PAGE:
Most schools have a cafeteria attached for students staying for comedor. For working parents or parents who prefer it, kids eat their main meal of the day in comedor and also have some playtime. In other parts of Spain where kids return to school in the afternoon, this covers the midday break. Our school is one of the few in our city that does not have a comedor, so I don’t know much about it, but I have looked at the menus and they serve a wide variety of foods. From a young age kids here seem to be expected to eat the same food as adults. There are multiple menus available for kids with allergies or dietary restrictions, but no vegetarian options, and I have heard that kids are required to eat what is served. Our kids technically have the option to go to comedor in a nearby school, but since three of the four kids are vegetarian it would not be a good option for us.
Specials and Religion
In addition to English twice a week, our three older boys in Primaria also have regular Art, Music, and P.E. classes. The schedule and activities are quite similar to what we are used to the United States. These activities happen in the regular classroom, though I’m not sure if that is normal or just because our kids attend school in a very small building.
One huge difference is that religion is taught in schools here. I already mentioned the concertados, which have mandatory religious instruction, but all other public schools have optional Catholic instruction twice a week. When I first visited the school to fill out paperwork I could choose between Religion or the alternative, which is called Valores Sociales (Social Values). We are not Catholic so opted for Valores Sociales. The religion class takes place in the regular classroom with a visiting teacher and kids who aren’t participating go elsewhere with their classroom teacher during this time. Based on their reports, it seems like they talk about feelings and watch movies and draw things and play computer games. Once my oldest wanted to go back into his classroom to get a pencil but he wasn’t allowed back in since they were doing religious instruction, so they seem to be pretty strict about not exposing kids to it without the parents’ permission. The kids have not reported any talk of religion during other parts of the school day.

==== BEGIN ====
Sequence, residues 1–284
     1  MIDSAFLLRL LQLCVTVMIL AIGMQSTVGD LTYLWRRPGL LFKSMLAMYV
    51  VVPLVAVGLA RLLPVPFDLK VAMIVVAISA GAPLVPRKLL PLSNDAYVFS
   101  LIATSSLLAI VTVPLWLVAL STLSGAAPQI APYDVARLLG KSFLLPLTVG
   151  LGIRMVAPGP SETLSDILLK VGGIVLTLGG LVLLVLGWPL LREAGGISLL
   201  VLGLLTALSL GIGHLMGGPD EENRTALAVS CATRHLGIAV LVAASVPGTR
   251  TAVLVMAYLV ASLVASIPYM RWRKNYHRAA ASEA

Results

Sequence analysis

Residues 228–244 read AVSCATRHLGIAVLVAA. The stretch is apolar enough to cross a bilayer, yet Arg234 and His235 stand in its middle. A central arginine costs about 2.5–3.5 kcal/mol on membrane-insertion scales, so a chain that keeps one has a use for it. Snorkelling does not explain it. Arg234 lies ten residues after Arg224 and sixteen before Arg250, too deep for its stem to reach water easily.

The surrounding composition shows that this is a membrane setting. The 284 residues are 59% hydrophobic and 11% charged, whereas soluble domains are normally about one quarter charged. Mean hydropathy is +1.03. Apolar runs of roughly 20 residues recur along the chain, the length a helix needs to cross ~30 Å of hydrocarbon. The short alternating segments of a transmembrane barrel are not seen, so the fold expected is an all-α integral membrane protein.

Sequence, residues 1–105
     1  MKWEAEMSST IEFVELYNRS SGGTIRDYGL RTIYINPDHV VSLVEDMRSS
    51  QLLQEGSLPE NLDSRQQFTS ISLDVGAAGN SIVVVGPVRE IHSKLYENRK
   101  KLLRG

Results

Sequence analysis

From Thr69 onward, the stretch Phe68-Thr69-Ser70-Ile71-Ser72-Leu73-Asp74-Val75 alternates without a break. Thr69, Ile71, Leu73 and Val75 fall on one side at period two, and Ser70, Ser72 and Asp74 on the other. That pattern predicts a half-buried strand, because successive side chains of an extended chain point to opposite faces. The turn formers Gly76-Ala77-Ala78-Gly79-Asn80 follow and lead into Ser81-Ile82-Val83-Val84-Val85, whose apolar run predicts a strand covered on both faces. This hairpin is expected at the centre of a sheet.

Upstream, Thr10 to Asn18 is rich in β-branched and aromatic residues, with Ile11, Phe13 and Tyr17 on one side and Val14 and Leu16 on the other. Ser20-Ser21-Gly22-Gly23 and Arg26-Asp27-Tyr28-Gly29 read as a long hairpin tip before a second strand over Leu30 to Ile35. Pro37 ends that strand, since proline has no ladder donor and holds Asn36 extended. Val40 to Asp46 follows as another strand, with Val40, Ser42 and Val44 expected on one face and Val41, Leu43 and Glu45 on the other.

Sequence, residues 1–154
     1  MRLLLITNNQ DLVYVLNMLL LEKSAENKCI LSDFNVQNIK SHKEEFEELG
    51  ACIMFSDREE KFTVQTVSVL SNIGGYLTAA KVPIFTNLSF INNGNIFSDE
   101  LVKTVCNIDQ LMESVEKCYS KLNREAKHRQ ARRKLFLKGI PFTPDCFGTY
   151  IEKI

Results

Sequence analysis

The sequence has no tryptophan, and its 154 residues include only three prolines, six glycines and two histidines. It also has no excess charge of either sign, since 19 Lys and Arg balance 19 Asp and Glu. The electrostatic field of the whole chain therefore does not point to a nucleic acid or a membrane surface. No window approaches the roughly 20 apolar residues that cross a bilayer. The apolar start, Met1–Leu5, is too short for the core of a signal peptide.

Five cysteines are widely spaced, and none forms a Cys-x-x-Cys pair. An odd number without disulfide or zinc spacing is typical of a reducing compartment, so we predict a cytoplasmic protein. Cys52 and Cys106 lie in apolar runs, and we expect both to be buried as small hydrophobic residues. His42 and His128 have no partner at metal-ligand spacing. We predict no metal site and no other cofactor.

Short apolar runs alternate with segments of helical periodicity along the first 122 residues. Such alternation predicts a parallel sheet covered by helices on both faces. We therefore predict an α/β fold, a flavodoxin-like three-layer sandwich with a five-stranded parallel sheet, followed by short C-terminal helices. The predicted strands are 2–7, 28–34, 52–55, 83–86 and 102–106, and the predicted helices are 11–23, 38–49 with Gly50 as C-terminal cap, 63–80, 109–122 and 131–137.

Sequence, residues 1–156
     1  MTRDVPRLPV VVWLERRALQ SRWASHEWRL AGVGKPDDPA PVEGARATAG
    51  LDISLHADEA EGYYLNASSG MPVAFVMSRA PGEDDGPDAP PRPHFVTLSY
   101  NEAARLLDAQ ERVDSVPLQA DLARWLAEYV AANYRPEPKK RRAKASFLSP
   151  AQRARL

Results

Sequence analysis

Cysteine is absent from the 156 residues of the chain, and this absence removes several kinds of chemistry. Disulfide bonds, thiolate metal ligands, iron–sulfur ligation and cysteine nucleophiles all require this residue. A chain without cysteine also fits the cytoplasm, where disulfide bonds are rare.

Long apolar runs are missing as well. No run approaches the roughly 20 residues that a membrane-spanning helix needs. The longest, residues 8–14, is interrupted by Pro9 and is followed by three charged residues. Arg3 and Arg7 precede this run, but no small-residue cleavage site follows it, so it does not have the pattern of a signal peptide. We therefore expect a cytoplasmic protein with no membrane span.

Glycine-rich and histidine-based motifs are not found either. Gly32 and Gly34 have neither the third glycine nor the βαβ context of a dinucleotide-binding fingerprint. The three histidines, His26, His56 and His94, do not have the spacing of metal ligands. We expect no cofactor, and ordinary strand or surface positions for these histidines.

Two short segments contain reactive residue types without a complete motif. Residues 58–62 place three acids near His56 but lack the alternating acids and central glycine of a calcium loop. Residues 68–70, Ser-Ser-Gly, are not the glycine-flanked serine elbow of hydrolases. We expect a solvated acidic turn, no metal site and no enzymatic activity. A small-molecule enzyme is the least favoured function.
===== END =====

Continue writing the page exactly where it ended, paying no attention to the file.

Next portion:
I wasn’t sure how many kids would be opting out of religion, since the sense I’ve gotten is that Spain is a Catholic country but that religion doesn’t play much of a role in people’s lives. I have heard that even for those who aren’t religious, the rites of passage, such as First Communion, are considered an important part of their culture. Our two kids that are before the age of first communion report that just a few kids in their class aren’t participating in religion, but the two older boys report that it is about half the class. It could be a coincidence or it could be that parents opt their kids out of religion after First Communion.
In most of the United States, the school your kids attend is determined by where you live. We live in a city that has School Choice which means that during the registration process you choose from any school in the city and rank your top three, but may not get in to the school of your choice in the lottery and there is a system of getting additional points for proximity school and if you have a sibling already registered. I thought it was a complicated system until I saw how things work in Spain. In many cities here, there is also school choice, but there are about 10 different categories that can get you additional points, such as having disabled family members or working near one of the schools.